Here's Why Babies Cry, According To Experts

From the moment they're born, babies start interacting with the world. Unfortunately, for tired parents everywhere, the only tool they have to communicate in the midst of all that interaction, is crying. As a result, there are about a million reasons why babies cry, which can make life as a new parent pretty nerve-wracking. On the the bright side, you'll eventually learn which cry coordinated with which specific need, and before you know it you can help keep the crying to a minimum.

It just, you know, takes time.

According to the American Academy of Pediatrics, babies cry for a variety of reasons. So when a baby is hungry, tired, angry, or uncomfortable, they'll cry. To find out why your baby is probably crying, and for some expert advice on how to soothe those baby tears, Romper spoke with Sarah Norris, a UK-based maternity nurse, baby care consultant, and author of The Baby Detective, and Dr. Cherilyn Cecchini, M.D., a pediatrician and writer at Bag of Pediatricks.

In Norris' experience, there are four main reasons your baby is probably crying. "I tell my clients that babies cry for one or more of the following: they are hungry, tired or over-tired, in pain (usually from gas), or feel insecure," she tells Romper. And according to Dr. Cecchini, with time and experience, you’ll learn to interpret your baby’s crying and what the different types of cries may mean at various times throughout the day. "Spending time with your baby will help you learn these different cues and clues," she says.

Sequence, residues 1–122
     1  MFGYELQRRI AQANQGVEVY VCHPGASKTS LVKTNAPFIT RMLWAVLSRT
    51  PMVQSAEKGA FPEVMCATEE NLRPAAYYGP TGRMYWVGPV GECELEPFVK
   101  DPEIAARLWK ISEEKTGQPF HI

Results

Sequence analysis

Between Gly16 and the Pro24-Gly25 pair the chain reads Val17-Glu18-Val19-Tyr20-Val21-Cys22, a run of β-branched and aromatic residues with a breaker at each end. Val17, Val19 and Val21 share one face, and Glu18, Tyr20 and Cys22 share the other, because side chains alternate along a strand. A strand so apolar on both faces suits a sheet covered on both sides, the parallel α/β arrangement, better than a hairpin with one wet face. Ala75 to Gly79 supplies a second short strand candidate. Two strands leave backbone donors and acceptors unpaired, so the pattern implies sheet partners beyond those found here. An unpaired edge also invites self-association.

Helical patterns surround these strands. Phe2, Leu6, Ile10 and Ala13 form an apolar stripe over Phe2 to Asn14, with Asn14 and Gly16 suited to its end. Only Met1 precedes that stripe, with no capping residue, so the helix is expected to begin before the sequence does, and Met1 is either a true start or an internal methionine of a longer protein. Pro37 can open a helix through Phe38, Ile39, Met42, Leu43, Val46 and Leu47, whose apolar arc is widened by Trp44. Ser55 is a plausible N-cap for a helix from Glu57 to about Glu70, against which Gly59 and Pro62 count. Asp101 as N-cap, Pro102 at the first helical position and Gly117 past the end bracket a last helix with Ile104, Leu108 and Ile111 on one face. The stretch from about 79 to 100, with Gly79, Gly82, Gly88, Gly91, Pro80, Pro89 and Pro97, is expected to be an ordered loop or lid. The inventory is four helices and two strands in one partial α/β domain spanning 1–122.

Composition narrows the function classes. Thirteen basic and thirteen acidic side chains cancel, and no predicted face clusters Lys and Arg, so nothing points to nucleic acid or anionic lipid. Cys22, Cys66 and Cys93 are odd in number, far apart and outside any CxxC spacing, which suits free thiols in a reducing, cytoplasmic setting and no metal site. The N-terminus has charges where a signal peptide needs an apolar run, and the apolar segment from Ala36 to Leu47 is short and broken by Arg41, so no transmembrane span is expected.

For more on these and other reasons your baby is crying, read on:

They're Hungry

The main culprit behind your baby's cries is usually hunger, according to Norris. "If a new baby (in the first two weeks) is crying a lot, I tell parents to feed baby, any way they can, as much as possible within one hour, then wind (the British word for burping) really thoroughly, swaddle firmly, and cuddle," she says. "I find this works like a ‘miracle cure’ for a great many babies."

While many new parents think it's normal for newborns to cry often in their first days of life, the Fed is Best Foundation website notes that insatiable hunger and inconsolable crying after nursing can actually be a warning sign that they aren't getting enough to eat, which should not be ignored. If your baby is crying frequently despite being fed regularly, it's best to consult your health care provider immediately.

They're Uncomfortable

According to Dr. Cecchini, your baby might be crying because they're uncomfortable (from a dirty diaper) or there's something else bothering them that you just might be able to fix. "Environmental factors, such as a room that is too cool or too warm, may also lead to crying," she explains.

They Have Gas

After hunger, Norris tells Romper that gas is often to blame for your baby's bad mood. This is why she recommends that you burp your baby right after they eat or if they are crying for no discernible reason. As she writes in her book The Baby Detective, "Efficient winding can make a huge difference to a baby’s health and happiness, allowing routines to be implemented, sleep problems to be addressed, play times to be contented and relaxed, and is a vital factor in managing a baby with colic or reflux."